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As of February 2018, the owners of attached properties (condos, twinhomes, and townhomes) retained 98.6% of the original list price.

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The inventory of homes in San Diego County is still very low.

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The supply of attached properties is also quite low.

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Are you interested in seeing this breakdown for your San Diego community or zipcode? Let us know!

January 2018 Real Estate Market in Review

January’s San Diego real estate market in review: As of January 2018, the median detached home in San Diego County sold for $595,000 up 6.9% from the previous year.

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As of  January 2018, the median attached home (including condos, townhomes, and twinhomes in San Diego County sold for $410,000 up 9.3% from last year.

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The average detached home in San Diego spent 41 days on the market.

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Condos, twinhomes, and townhomes in San Diego spent an average of 32 days on the market.

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As of February 2018, the average seller of a detached home in San Diego County receives 96.8% of the original list price at the close of the sale.

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As of February 2018, the owners of attached properties (condos, twinhomes, and townhomes) retained 98.2% of the original list price.

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The inventory of homes in San Diego County is still very low.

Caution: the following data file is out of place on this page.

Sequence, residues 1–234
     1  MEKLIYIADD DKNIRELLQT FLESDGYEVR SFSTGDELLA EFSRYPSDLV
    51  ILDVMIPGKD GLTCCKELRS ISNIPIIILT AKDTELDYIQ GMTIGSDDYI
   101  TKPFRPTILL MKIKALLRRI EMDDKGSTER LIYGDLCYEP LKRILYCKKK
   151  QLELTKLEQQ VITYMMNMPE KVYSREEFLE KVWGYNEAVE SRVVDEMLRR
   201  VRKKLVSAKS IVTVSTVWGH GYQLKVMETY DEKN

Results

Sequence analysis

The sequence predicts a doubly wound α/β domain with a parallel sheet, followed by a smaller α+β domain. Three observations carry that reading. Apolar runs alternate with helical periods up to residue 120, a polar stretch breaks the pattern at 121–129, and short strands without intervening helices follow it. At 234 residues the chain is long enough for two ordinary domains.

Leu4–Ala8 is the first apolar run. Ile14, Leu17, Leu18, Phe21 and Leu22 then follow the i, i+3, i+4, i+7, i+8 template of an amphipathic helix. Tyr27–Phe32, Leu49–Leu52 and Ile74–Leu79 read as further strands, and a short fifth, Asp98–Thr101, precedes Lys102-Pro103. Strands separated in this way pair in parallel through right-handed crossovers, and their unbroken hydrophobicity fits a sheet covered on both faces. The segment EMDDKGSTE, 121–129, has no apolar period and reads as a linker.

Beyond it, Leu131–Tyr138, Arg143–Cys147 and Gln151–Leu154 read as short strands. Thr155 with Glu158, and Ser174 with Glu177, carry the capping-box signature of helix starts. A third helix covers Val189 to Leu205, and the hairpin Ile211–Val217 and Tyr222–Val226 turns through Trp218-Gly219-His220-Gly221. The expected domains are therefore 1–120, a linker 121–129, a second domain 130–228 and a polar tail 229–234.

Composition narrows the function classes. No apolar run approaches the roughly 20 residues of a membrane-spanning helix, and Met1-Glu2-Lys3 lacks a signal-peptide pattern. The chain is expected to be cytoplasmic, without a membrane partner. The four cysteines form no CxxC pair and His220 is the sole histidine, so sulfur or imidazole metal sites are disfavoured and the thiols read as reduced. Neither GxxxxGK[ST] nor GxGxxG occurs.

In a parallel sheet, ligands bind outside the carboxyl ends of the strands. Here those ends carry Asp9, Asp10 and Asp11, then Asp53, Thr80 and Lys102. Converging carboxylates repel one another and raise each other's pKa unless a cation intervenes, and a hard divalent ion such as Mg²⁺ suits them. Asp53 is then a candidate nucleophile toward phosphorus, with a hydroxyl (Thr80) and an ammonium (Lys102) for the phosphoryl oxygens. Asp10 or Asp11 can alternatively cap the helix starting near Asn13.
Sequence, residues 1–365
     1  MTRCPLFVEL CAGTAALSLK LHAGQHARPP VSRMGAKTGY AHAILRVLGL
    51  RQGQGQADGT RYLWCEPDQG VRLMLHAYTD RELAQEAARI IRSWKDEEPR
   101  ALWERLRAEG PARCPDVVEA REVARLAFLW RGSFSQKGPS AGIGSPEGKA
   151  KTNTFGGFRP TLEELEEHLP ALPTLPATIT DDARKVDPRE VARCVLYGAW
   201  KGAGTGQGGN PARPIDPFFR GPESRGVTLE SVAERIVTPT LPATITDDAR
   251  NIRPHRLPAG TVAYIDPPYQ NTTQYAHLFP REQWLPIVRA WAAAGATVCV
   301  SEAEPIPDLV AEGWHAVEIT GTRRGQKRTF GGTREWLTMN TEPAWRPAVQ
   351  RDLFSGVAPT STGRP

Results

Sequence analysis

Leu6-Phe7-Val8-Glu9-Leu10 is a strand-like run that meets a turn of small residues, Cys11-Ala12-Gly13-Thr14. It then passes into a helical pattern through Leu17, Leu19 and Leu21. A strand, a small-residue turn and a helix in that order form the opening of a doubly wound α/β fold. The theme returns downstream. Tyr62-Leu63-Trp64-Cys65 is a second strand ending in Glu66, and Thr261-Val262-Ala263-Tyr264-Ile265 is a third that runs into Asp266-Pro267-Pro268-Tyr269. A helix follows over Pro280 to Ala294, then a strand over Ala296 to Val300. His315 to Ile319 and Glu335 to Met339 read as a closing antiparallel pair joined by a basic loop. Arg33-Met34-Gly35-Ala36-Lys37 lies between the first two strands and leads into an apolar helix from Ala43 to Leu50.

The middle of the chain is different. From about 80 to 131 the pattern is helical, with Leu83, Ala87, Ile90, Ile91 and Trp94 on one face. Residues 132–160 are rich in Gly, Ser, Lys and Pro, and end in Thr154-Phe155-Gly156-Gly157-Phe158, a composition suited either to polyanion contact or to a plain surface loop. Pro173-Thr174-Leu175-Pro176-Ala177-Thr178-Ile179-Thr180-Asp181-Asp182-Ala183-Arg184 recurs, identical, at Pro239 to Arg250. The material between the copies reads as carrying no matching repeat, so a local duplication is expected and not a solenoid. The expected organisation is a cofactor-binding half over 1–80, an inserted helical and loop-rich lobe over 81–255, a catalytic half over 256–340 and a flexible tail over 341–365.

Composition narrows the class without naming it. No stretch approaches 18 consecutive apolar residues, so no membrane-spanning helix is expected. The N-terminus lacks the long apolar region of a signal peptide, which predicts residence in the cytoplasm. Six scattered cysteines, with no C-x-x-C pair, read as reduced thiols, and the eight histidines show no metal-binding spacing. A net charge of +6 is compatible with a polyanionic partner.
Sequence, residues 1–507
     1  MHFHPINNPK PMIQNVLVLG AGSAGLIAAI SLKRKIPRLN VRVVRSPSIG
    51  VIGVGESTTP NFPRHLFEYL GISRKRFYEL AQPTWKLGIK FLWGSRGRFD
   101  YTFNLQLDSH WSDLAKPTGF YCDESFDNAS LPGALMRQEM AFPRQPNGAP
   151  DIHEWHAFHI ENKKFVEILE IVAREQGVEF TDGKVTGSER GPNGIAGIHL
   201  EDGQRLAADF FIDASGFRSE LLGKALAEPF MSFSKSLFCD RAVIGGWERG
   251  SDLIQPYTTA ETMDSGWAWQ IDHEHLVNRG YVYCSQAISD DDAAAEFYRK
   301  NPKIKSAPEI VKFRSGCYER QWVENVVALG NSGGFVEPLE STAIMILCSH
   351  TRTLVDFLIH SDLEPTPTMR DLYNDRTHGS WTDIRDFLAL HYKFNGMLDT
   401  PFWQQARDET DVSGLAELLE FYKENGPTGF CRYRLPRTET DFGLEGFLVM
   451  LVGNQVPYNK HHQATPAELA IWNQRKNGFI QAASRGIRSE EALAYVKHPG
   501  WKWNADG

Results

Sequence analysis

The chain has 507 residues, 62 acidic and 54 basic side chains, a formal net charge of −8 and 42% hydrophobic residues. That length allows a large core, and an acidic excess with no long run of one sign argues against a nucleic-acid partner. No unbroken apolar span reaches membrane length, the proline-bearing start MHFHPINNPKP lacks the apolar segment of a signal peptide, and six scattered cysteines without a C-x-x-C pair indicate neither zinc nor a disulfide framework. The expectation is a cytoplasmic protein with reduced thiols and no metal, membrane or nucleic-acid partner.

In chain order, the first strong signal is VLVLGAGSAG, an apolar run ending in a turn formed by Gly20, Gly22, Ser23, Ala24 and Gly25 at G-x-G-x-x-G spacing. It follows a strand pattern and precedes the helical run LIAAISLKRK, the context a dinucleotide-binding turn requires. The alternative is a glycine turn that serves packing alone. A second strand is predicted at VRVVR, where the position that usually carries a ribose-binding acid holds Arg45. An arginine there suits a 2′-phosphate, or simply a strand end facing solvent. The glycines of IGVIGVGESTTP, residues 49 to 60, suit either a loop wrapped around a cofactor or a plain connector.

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The supply of attached properties is also quite low, but picked up slightly in January.

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Are you interested in seeing this breakdown for your San Diego community or zipcode? Let us know!

December 2017 Real Estate Market in Review

December’s San Diego real estate market in review: As of December 2017, the median detached home in San Diego County sold for $600,000 up 7.2% from the previous year.

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As of  December 2017, the median attached home (including condos, townhomes, and twinhomes in San Diego County sold for $398,500 up 8% from last year.

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The average detached home in San Diego spent 36 days on the market.

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Condos, twinhomes, and townhomes in San Diego spent an average of 28 days on the market.

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As of December 2017, the average seller of a detached home in San Diego County receives 97.4% of the original list price at the close of the sale.

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As of December 2017, the owners of attached properties (condos, twinhomes, and townhomes) retained 98.5% of the original list price.

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The inventory of homes in San Diego County is still very low.

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The supply of attached properties is also quite low.

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Are you interested in seeing this breakdown for your San Diego community or zipcode? Let us know!